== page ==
At this point in following Hart’s chapter, I couldn’t help but recall a question I put to him back in May of 2015 (see the comments section there), about the relationship between divine and created willing with respect to the final reconciliation of all things. I asked:
Might we imagine the logoi of created beings as embodying or specifying a ‘range’ or ‘scope’ … of beautiful expression and not the particular of every form? The divine will (or logoi) would terminate not in the final form of creaturely expression but in the range of creative possibilities offered to creatures to uniquely shape their expressive form.
Hart had no objections. I’m not sure everybody then recognized what a significant point this was. What Hart describes as the ontological nature of the non-competitive relation between divine and human willing (viz., the non-competiveness of our being grounded irresistibly and teleologically in an orientation to shape and determine ourselves within a scope or range of beautiful forms which is our logos) could very helpfully be described as aesthetic-synergistic in nature, not a mechanism for securing specific creaturely choices when and where God wishes (‘this’ happens now, ‘that’ happens then), but rather a mechanism by which God continually grounds us in an inescapable openness to choose responsibly until our choosing rests in its only proper-final end—God.
Again, Hart, summarizing, writes:
God’s good will and his permission of evil, then, are simply two aspects of a single creative act, one that does not differ in intention from soul to soul: God’s one vocation of all rational creation to a free union in love with himself; his one gracious permission that spiritual freedom in some way determine itself in relation to the eternal good towards which it is irresistibly drawn. (p. 46)
Someone steeped in Calvinist debate will hear Hart’s “irresistibly drawn” and think of an irresistible determination of things. That would be a mistake. Hart is after all a libertarian (see above). The irresistible divine draw here is the irresistible teleological orientation of the will in and toward the Good, similar to the law of gravity that irresistibly draws bodies toward the earth’s center. One can jump upwards and move away from the earth on occasion, but one does not thereby deny or escape gravity absolutely. One moves away from the earth under the conditions of gravity’s draw which is always present (defining the possibility and limits). Gravity makes jumping possible. The irresistibility Hart describes, as I understand him, doesn’t determine specific outcomes per se (that’s a Calvinist’s concern), it defines possibilities, and that’s the relevant point for the debate over the reconciliation of all things.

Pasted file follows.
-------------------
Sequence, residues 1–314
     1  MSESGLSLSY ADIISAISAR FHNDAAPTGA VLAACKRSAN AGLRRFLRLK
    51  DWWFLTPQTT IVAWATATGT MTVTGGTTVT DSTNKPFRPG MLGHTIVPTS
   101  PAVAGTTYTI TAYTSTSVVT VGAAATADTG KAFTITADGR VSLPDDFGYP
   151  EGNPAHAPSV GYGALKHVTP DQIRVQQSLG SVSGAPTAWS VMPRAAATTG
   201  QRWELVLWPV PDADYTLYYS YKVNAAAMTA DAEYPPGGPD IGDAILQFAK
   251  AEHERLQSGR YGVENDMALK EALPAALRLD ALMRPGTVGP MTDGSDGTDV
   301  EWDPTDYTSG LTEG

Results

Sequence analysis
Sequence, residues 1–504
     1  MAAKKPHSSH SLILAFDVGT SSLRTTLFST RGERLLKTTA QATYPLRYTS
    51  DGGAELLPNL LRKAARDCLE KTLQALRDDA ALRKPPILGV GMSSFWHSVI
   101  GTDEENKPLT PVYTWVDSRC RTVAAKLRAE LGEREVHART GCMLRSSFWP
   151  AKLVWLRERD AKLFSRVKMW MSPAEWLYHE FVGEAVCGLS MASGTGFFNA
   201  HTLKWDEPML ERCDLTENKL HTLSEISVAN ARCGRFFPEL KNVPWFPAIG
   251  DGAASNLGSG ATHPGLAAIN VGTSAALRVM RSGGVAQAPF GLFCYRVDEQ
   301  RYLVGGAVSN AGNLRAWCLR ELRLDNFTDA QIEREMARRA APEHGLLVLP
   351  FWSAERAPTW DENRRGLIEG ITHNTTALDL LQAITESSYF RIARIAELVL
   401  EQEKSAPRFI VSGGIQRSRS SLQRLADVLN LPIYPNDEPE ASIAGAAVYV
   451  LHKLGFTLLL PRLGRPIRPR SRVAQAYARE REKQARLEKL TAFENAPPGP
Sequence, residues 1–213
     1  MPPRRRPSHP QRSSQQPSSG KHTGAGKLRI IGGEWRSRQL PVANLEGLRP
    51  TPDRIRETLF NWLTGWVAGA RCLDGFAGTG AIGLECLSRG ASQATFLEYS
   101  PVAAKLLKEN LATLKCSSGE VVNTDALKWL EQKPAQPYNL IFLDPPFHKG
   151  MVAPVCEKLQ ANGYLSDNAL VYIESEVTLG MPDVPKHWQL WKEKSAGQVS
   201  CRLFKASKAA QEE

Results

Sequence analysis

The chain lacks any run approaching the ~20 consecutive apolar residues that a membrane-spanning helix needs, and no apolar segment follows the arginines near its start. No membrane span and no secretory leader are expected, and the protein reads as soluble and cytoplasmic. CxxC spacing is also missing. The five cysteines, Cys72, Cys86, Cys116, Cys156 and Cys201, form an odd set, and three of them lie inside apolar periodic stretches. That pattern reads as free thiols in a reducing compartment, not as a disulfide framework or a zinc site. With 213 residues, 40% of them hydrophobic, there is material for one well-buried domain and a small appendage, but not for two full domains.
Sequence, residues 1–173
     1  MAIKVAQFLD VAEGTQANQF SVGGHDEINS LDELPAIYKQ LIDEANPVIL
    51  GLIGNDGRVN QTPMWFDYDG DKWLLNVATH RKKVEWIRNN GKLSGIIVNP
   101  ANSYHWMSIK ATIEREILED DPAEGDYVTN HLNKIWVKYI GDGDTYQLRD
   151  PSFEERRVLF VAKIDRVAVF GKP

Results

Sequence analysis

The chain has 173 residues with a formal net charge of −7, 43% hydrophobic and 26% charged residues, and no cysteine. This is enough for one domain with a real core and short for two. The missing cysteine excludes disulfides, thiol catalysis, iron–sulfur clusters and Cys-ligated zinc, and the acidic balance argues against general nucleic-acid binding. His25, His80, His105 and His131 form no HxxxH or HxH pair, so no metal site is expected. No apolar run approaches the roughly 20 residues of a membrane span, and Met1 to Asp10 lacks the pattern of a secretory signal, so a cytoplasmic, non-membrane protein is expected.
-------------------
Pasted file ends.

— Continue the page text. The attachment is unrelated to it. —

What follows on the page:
One last comment by Hart, from his presentation at the Symposium “Sursum Actio” at Notre Dame in June 2015 (found on YouTube from 28:56 to 29:55 roughly):
This I suppose is what I find most suggestive and attractive in the Scotist understanding of knowledge, and specifically the knowledge of God, and what I find somewhat lacking in certain other traditional scholastic accounts—the recognition that knowledge arising from an irrepressible loving desire is made complete in the freely given loving delight which completes the primordial movement of intellect and will as an accomplished act of supreme freedom, the loving ‘yes’ to the God from whom the eyes of the soul will never turn, given not simply as the inevitable affective consequence of an act of knowledge already complete in itself and so an automatic response, but as the actual attainment of the deepest and highest knowledge without which the intellect does not yet truly know the truth as truth.
Perhaps what I’m most interested in is stating positively the nature of that “freely given ‘yes'” which is, as Hart says, not automatically entailed in any act of knowledge until it is given, at which point it becomes an “actual attainment” which then entails, we could say, an endless expression of true freedom. But the ‘non-automatic’ or ‘non-inevitable’ nature of the movement that has to be freely traversed prevents (I think) any attempt to secure a specific terminus ad quem or end outside the gnomic-deliberation surrender of the will. What left home (gnomic-deliberative will) has to come home. This home-coming is inevitable in the sense that there is no other irrevocable home for the will but God, and that God’s unrelenting love offers itself to deliberative will and waits. It is not inevitable in the sense that God mysteriously forecloses upon the will’s gnomic-deliberative capacity for constructing a ‘no’ and so gets the ‘yes’ he desires.